$2000 to shell a house this size – my goodness, that’s less money than if you were to go to your local “Build-all” to buy a 6’x8′ garden shed. I don’t want to be argumentative but I would highly urge anyone with better ideas to write them out and offer them for sell at the same price.

  4. Brent says:

    I am pretty new to all this but what I have found is that one can only give estimates, depending on where you live prices vary.

    I have not read the book so I cannot make any comments on that but what I have found – when researching alternative energy sources – is that when people are trying to “get off the grid”, and informing others about it, there will always be those, with other intentions, who try to refute their efforts and scare people away. And it appears that the same principle crops up with sites like this. Personally I think Lemar appears to be honest in his approach, has built a brilliant little house and is well worth getting some advice from.

    I live in Argentina and constructed a house, in my in-laws back garden, out of plastic bottles filled with earth a year and a half ago. 3m x 6m – bedroom/kitchen-living/bathroom – cost me less that 2000 pesos (about 500 dollars). Unfortunately, due to complete lack of any building experience what so ever I have, admittedly, made many mistakes. I have recently purchased a small plot and Lemar, as well as many others that I see on this site, is an inspiration to just keep trying, learn from others and learn from our mistakes, if what you really want – is to be free.

    Many thanks to all. God Bless.

  5. lynn says:

    the video is awesome!

    i think i’d wanna substitute something more woody and less toxic for all that chipboard on the floors, walls, roof…though i understand that keeps the cost down.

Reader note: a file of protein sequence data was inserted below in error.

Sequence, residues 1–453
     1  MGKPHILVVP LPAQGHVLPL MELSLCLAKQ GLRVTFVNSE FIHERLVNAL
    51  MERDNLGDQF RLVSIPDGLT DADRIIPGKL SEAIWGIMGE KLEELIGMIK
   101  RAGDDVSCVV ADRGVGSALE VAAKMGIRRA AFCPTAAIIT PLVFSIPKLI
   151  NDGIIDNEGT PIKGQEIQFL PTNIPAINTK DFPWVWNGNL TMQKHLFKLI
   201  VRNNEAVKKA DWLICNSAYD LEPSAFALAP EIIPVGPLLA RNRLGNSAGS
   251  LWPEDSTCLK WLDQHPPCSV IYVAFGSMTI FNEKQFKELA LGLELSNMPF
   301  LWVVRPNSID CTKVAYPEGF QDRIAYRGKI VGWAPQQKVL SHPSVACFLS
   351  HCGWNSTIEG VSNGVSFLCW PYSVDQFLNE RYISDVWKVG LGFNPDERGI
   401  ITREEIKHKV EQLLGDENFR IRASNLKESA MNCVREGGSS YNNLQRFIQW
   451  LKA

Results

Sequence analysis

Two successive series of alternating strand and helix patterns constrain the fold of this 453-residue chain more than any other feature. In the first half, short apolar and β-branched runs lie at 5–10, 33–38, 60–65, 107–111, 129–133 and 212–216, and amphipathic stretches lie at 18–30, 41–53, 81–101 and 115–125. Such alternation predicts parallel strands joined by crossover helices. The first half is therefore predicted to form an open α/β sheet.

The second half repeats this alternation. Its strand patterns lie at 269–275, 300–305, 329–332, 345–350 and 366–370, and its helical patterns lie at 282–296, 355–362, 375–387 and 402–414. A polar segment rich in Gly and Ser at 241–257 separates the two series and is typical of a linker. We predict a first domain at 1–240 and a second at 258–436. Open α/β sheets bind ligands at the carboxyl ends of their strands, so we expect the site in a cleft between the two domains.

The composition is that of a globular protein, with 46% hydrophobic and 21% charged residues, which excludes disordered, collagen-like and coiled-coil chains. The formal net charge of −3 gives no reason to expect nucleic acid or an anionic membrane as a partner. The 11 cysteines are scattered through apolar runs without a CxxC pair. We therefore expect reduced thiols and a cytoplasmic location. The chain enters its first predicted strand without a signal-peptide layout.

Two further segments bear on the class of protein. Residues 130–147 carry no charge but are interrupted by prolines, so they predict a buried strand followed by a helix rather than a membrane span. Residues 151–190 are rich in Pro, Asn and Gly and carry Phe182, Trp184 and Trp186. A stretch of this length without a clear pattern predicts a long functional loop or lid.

did i say i loved the video?!

    love it!

  6. mark says:

    Heres the materials copied from lamars book:
    6 deck blocks @ 4.50 = $27
    3 concrete blocks @ $3 = $9
    1 center pole girder $7
    total = $43
    14 2x6x14s @ $7.50 = $105
    6 4×8 t+g sheets @ $15 = $90
    3 rolls R19 insulation @ $24.00 = $72 (optional)
    total = $267
    4 4×4 corner posts @ $10 = $40
    65 2x4x8s @ $3.50 = $230
    8 rolls R19 insulation @ $24 = $192
    14 4×8 T111 siding @ $15 = $210
    14 4×8 drywall @ $12 = $168
    total = $840
    10 2x6x14s @ $7.50 = $75
    6 4×8 5/8 wafer board @ $12 = $72
    total = $147
    24 2x6x10 rafters @ $5 = $120
    10 4×8 5/8 wafer board @ $12 = $120
    2 rolls roofing felt @ $15 = $30
    6 squares tamko shingles @ $49 = $294
    4 rolls R19 insulation @ $24 = $96
    total = $656
    screws and assorted metal hangers $40
    Grand total = $ 1997.00

    • Brenda Buster says:

      I took this and got the prices for this and it is a little higher now but still not bad for a house. My husband and I are thinking about building this soon and maybe adding a few feet to it. Love the ideal of living off grid also and living off the land. Can’t wait to get started.

  7. Brenda says:

    I thought the information was great. I, like many others, am putting together my plan to live self sufficient in my own tiny home. I have no real experience in building such a house but have toyed with the idea for years. Lemar explained every detail I needed except one of which I’m still perplexed about. When using the concrete blocks to build the floor on, do you need to have those setting in some kind of concrete poured to the frost line? I would be worried that over time that the earth will cause the house to become un-level if those concrete blocks are not setting on something more stable than just on the ground. Other than that I was impressed.

  8. Travis Walker says:

    This is a really great idea. I have yet to read the book though. But I would really love to try this out and make my own. This will be a good start to self-sufficient living.